So, back in February, an announcement scrolling by on the big flat screen at school happened to catch my eye. The Northrop Rice Foundation had scholarships available, with an application due date of March 1st. I checked out the list of scholarships, and my heart leapt at two little words: Snap. On.
They were awarding five sets of Snap On aviation tools, valued at $4,900 apiece. My heart raced as I opened the application and scanned the requirement list. They wanted an essay. And…….they didn’t have a word limit. I swear, the sun shone a little brighter, the angels in heaven began to sing, and I started to write.
One essay, one transcript, three letters of recommendation, and two weeks later, my application was on its way. The winners were set to be announced at the annual Aviation Technician Educator’s Council’s conference on April 10th, and it didn’t occur to me until April 9th to think about how the winners would be notified. Would they be told after the announcement? Before? Had I missed out? Had I already lost? April 10th came and went without a peep from anyone. So did April 11th. On April 12th I realized our own department chair was attending the conference, and so I set about pestering his administrative assistant for any news. She, wonderful lady that she is, paged him *and* emailed him, and got no response, but assured me he’d be in the next day. Which, if you’re keeping track, was yesterday.
I stalked his office for a few hours that morning before he came in. When I finally saw him, I made a beeline for the door, actually cutting off another student in the process. “Well?” I asked.
“Your name came up at my conference this week.”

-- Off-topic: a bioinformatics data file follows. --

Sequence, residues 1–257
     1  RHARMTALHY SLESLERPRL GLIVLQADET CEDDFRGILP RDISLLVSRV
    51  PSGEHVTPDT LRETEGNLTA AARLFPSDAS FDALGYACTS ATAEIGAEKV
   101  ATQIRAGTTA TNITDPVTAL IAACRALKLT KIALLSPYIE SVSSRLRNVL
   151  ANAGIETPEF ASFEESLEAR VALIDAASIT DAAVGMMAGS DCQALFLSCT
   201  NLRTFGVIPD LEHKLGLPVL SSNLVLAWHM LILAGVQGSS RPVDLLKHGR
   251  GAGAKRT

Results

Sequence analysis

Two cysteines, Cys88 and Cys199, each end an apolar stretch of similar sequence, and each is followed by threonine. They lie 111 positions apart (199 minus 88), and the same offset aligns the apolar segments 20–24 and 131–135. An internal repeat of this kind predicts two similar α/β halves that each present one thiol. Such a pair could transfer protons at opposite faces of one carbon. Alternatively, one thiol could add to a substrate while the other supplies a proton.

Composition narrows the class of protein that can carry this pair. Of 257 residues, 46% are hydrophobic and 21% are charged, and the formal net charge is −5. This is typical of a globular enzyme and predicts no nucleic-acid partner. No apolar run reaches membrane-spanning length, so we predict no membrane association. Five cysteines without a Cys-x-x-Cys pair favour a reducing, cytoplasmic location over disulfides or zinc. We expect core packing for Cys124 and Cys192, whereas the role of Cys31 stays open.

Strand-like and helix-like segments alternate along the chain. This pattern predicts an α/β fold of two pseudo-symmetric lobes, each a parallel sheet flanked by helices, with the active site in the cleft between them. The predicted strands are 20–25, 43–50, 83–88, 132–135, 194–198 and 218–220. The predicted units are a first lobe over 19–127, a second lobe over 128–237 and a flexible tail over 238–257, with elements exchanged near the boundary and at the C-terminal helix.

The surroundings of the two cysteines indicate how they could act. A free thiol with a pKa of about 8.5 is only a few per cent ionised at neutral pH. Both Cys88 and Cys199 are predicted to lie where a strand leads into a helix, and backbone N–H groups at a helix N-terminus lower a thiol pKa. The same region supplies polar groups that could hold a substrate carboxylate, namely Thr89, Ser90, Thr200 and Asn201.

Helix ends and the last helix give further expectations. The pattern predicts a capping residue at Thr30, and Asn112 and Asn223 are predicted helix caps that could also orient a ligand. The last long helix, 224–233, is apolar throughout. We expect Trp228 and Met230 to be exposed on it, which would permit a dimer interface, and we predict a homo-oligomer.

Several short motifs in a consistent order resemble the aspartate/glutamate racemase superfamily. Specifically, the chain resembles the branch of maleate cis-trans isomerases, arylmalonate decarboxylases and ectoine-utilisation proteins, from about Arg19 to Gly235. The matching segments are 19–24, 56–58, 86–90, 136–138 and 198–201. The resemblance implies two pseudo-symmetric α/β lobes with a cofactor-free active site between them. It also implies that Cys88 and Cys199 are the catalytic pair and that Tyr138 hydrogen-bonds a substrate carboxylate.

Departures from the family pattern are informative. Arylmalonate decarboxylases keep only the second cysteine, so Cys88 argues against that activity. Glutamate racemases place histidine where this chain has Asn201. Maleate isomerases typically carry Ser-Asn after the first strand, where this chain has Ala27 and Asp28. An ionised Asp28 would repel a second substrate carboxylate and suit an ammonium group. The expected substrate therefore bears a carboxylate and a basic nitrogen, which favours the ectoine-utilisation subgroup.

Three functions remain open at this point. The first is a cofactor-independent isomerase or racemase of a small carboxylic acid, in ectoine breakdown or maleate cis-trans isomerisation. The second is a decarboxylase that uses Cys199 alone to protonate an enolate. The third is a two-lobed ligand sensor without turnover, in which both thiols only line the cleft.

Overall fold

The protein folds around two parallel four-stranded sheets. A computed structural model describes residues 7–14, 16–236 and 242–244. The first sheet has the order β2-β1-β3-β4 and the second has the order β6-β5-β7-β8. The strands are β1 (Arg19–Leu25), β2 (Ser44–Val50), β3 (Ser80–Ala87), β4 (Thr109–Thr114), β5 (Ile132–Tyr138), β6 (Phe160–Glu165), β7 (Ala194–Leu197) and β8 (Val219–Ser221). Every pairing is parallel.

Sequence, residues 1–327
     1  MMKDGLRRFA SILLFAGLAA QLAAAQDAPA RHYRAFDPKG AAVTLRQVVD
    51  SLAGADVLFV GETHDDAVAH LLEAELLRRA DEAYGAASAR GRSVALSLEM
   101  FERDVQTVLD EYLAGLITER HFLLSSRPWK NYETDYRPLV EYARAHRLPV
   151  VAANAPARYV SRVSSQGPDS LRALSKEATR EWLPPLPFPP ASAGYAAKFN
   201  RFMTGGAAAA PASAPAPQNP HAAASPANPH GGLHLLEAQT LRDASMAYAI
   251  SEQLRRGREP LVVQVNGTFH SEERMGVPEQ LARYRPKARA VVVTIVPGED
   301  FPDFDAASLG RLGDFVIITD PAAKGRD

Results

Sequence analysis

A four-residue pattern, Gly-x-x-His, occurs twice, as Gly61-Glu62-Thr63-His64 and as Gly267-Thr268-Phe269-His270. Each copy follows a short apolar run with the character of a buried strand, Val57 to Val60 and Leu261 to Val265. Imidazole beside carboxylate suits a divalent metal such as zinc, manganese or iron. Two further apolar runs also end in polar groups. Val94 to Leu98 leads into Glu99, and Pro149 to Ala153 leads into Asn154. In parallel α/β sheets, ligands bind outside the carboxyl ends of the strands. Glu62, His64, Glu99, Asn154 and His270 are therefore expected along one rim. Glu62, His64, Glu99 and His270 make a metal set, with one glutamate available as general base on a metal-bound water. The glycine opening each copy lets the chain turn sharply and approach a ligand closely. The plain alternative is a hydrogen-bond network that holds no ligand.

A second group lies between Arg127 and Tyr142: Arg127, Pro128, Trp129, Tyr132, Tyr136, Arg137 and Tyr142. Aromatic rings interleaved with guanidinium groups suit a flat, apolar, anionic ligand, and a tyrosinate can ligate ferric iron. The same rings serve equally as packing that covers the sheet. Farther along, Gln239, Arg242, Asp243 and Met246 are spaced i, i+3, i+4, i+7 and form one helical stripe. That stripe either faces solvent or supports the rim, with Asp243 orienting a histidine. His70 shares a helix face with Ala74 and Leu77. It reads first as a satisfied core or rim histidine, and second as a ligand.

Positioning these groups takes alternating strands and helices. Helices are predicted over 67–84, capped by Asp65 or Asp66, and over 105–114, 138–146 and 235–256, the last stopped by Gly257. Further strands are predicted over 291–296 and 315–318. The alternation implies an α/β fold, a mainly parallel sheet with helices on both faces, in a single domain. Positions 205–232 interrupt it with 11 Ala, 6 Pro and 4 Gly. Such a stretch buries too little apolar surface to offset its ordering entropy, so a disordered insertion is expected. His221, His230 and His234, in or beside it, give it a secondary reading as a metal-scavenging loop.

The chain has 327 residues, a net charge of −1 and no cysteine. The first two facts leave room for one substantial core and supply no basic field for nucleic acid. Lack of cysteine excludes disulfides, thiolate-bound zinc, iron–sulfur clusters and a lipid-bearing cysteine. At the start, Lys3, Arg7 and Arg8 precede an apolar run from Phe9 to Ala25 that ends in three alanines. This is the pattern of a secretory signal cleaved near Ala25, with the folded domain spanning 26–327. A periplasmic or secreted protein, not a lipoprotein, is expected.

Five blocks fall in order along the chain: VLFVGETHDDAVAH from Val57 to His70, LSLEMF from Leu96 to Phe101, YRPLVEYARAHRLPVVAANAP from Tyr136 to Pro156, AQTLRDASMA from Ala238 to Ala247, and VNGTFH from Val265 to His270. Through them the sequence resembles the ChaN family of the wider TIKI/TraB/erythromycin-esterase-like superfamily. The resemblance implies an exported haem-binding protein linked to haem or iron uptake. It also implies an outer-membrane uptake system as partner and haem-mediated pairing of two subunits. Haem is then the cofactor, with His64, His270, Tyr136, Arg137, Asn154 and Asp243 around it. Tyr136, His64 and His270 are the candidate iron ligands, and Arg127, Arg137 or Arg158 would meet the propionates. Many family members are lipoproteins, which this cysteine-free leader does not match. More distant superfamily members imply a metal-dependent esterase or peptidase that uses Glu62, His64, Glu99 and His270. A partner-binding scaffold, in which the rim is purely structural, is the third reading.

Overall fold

“Seems like you may have won a Snap On scholarship of some kind.”
……………I may or may not have made some loud noises…….maybe cried a little…….maybe…
Part of me was still holding my breath until the official email came today. I mean, when I sent it, I felt like I had a winner, but after losing the Delta Airlines Women in Aviation maintenance scholarship…..to a dude……my confidence was a little shaken. But the Delta application had a limit on their essay: 1000 words. I guess I only needed 179 more to get my point across, my point specifically being, “Hey, I’m broke as a joke, help me out here, wouldja?”
I stated in my essay my intent to enter the mission field, and that I’d like to be as well equipped as possible when I finally do, and that that not only included experience, but also tools. Yes, it was part sycophancy, but it’s also unquestionably true. I’ll be taking these very nice tools with me to the other side of the world someday. I’m exceedingly grateful and thoroughly humbled by that thought. I know I don’t deserve to be blessed in obedience, but He does it anyway. Amazing.